Lolita vib-zeme (1987)

Kozue (Sayaka Kimura) is a high school girl who goes around her city posting ‘SEEKING’ posters on light posts. She’s looking for a boy named Nasushi, though her few friends seem confused as to why. While doing this, she’s approached by a man (Takeshi Itô) who tells her that he’s a private investigator and that for a small fee he’ll definitely find him for her. She agrees.

What virginal Kozue doesn’t realize is that the man isn’t a private investigator at all, but actually a murderer and a photographer. We see this before she does when he kidnaps a school girl, tortures her with a large black vibrator strapped to a battery pack and then, once she’s dead, pours acid on her corpse. He takes plenty of pictures of this while he does it – in fact, it seems that he’s been doing this for a while as the freight container that he uses as his base of operations is covered in black and white photographs of his previous victims, all clearly being tortured in a similar manner.

Of course, it isn’t long before he kidnaps Kozue, using his toy on her and photographing her but not killer her. Instead, he kidnaps another one of her schoolmates – who isn’t as innocent as she looks – with her help and takes his aggressions out of her, with Kazue getting into the act as well. It gets even more bizarre from there…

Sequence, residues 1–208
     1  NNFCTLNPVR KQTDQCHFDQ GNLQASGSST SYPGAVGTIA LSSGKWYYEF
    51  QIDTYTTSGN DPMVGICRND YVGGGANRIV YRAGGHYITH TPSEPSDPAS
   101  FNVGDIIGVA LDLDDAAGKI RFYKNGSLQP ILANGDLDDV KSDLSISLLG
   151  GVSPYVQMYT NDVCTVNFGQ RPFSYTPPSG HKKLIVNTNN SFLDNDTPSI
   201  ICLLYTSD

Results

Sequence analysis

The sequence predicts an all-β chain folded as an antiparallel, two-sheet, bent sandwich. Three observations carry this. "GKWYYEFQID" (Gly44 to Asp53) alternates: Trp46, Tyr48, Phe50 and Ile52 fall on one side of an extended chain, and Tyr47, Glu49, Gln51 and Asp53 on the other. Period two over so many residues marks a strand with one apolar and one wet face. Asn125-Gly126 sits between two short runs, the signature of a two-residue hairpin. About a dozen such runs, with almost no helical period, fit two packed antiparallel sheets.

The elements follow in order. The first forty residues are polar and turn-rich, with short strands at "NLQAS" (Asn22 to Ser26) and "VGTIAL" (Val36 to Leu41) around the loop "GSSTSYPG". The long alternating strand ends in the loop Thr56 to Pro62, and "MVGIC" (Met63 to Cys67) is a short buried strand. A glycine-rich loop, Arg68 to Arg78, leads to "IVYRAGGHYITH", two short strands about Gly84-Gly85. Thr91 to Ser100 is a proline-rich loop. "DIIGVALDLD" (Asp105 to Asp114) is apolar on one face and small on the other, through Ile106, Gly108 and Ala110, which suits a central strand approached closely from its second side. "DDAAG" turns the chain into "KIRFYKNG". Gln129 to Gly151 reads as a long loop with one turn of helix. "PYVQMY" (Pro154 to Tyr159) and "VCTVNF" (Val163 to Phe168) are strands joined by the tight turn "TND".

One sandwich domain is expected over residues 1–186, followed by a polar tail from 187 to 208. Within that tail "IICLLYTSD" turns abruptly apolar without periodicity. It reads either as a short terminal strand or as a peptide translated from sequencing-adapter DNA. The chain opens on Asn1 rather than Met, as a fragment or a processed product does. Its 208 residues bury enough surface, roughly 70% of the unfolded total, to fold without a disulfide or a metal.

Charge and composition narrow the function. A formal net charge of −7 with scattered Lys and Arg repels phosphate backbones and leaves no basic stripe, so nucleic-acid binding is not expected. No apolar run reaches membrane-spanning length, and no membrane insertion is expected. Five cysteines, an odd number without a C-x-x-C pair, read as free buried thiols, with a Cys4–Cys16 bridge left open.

Directed by Hisayasu Sato (the man behind Splatter: Naked Blood), this is sixty-three-minutes of pretty depraved stuff, relying more on sadism and degradation than on actual sex between two human beings (though there is some of that too). The photographer is a seriously twisted individual, not content just to use his strange phallic device on the girls he captures but submitting them to all manner of degradation as well. He spits on them, spray paints them, rubs shaving cream across their torsos and engages in other, equally twisted kinks as he goes about his nasty business. The whole thing is unsettling and at times makes for pretty uncomfortable viewing. It’s never erotic, but it is consistently confrontational, throwing regard for social taboos out the window and, by placing the container atop a high-rise in the middle of the society, making some pointed statements about how much attention we pay to what’s happening to those around us at any given time.

At the same time, there’s a weird artsy streak running through this. Sato almost goes for a mixed media vibe here, using black and white still photographs, eighties-era computer monitors and close ups of video screens and VHS tapes in addition to standard color film stock to make his seedy story even seedier. And while the whole thing may be an exercise in poor taste, it’s hard not to appreciate Sato’s technique here. The visuals are powerful, with the cinematography and editing using close-up shots very effectively and the dim lighting inside the container doing a solid job of making sure our eyes focus where they’re supposed to when they’re supposed to. The use of sound in the movie also adds an additional layer of weirdness to it all. Not only are we frequently subjected to the buzzing sound of the film’s titular device but there’s a strange, drone-y, almost industrial soundscape playing out behind all of this.

The performances are convincing. Takeshi Itô just oozes eerie, perverted menace. We know from the scene where he’s introduced that he’s bad news – you really shouldn’t be following school girls around taking their pictures… but regardless, his performance is nothing if not committed. Sayaka Kimura is also very solid here, surprisingly believable in all facets of her work in front of the camera.